Discovering The Joy Of Succulents

Discovering The Joy Of Succulents
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My latest book had just been published and was selling nicely. I was up to date with articles I wanted to write. I was ready for a new creative project. Despite an aversion to getting my hands dirty, I decided to create a garden using plants that thrive on neglect and need little water. I have a small, sloped, patch of rocky soil that was already home to a few plants and empty pots.

Succulents and cacti grow wild here in Topanga, California. I think cacti are ugly and way too prickly, but succulents can be lush and (I heard somewhere) you can just snap a bit off and re-plant. Every time I went for a walk in the hills, I'd break off a bit from the prettier succulents I passed and re-planted them in my little garden.
I got my hands dirty and I liked it. If I saw a particularly attractive succulent growing in a neighbor's garden, I'd knock on their door and ask if I could take a cutting, promising they'd never notice where I took it. Everyone said yes. I'd potter in my little garden every day and discovered a love for nature and growing things. Once you start looking, you'll notice cool old containers people put out with the garbage, especially when they move house.

Then I found two matching garden chairs for my husband and me at Topanga Vintage Market - $50 for the pair. My serenity spot was complete. We sit there in the afternoon with a cup of tea, holding hands and feel, well, serene as we gaze upon our succulents.

My blood pressure has dropped and I credit gardening and my new-found serenity. It sounds chintzy (it probably is), but I've dotted a few silk flowers around for color, along with some metal art. I haven't been able to successfully grow a flower. Yet. Although many succulents bloom. That's how versatile they are.

I went to a party and got chatting to Sean and Carolyn Barth, a smart and funny couple. When Sean asked me what I'd been up to, I hesitated before confessing I had discovered the joy of succulents and gardening for fear he might stifle a yawn and excuse himself to find someone more interesting.

Not only do Sean and Carolyn know and love succulents, they are members of the Los Angeles Cactus and Succulent Society. There's a society? For succulent lovers? I was giddy with excitement. There are such societies all over America. And the world. Meeting local growers is one of the best ways to learn how to cultivate plants in your area.

The LACSS meets the first Thursday of every month. Guests are welcome and refreshments are provided. First-timers are given a complimentary succulent or cactus. Members (annual membership $20) and guests bring cuttings to give away and plants are available for sale, around $2 each. Pretty pots, too. You don't have to join and can just turn up and attend for free every month. There's a monthly competition and a guest speaker. Also, an expert can tell you what's ailing your plant and how to cure it.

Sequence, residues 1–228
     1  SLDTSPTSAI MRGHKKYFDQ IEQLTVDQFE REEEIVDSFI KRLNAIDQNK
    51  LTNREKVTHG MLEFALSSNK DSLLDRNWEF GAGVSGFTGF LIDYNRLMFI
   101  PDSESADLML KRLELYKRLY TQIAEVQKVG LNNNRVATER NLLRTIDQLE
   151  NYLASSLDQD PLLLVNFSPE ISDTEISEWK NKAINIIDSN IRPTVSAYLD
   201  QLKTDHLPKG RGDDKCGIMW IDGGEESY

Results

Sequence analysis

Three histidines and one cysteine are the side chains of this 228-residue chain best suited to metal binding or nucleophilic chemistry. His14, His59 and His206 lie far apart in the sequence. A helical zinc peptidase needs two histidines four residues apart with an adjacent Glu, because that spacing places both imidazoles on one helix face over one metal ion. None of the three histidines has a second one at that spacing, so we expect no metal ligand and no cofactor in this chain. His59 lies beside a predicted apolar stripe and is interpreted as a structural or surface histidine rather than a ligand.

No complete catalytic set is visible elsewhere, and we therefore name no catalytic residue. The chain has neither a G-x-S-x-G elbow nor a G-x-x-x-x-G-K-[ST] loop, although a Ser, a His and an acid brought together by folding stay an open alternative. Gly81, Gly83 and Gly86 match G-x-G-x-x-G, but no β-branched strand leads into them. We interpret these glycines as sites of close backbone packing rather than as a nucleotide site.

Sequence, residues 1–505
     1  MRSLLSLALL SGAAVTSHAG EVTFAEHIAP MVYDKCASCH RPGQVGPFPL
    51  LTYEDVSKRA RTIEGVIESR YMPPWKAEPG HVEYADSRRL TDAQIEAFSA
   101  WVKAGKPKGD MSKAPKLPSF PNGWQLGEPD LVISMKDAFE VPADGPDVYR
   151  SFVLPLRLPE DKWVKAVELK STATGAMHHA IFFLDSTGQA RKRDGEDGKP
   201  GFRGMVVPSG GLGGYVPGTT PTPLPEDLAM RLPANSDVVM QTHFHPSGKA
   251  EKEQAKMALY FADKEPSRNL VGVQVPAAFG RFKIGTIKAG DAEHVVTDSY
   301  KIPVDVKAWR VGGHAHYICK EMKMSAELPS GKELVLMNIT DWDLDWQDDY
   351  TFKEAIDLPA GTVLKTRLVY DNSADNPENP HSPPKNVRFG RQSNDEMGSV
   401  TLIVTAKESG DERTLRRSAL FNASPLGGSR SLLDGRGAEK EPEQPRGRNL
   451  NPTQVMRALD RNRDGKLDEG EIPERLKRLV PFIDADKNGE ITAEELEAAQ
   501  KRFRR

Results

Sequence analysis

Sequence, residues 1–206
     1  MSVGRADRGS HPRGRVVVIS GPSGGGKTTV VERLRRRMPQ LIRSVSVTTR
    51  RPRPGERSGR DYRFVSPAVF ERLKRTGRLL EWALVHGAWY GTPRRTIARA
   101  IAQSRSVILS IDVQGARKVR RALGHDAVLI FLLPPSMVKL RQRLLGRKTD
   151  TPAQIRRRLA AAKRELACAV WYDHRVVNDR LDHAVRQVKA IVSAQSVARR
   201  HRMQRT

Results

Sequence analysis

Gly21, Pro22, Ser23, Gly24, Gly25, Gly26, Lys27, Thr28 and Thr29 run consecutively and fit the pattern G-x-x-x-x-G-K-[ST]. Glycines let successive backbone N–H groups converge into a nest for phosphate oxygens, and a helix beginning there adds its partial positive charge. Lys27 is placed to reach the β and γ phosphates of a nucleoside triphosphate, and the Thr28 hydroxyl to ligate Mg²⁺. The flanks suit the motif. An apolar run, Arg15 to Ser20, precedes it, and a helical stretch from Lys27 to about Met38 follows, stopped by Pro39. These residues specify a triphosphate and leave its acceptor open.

Carolyn and Sean go to markets and thrift stores looking for bargain containers. The couple that gardens together, stays together. That's what I told my husband.
Sean was beside himself with pride when he won first prize in LACSS plant of the month competition. The judge invited questions from the audience. Not wanting to start a riot at my first meeting, I waited until the interval to ask why Sean won when there were bigger and, to my eyes, better cacti that were beautifully staged (society lingo for "nice pot") but didn't even get an honorable mention? Sean's cactus (notocactus rudibuenekeri - albissimo) is more difficult to grow, apparently. Sean is pretty hard core when it comes to nature and growing things. He works with a non-profit to plant and care for enough trees to create a protective canopy over urban Los Angeles.

I've also learned that there's more to growing succulents than snapping off a clipping and sticking it in the ground. It's best to let it dry out for at least a few days so it forms a callus before planting. A wet clipping put into the soil is susceptible to rotting. Succulents don't like continuously moist soil and it needs to be well drained. But they do need watering. Rather than waste precious water while the faucet runs until hot, I collect it in a bucket and use that for my plants.

The LACSS Annual Drought Tolerant Plant Festival takes place the weekend of June 11 and 12 at the Sepulveda Garden Center, Encino, where the society holds its monthly meetings. Six thousand people attended last year. There's no entrance fee and there are stalls and workshops for all the family, as well as plants for sale.

I'm a proud new member of LACSS. For an extra $10, I could have had a badge with my name engraved on it. But I'm not ready for that level of commitment. Although I have started looking fondly at cacti and never expected that to happen, so who knows where this might lead?

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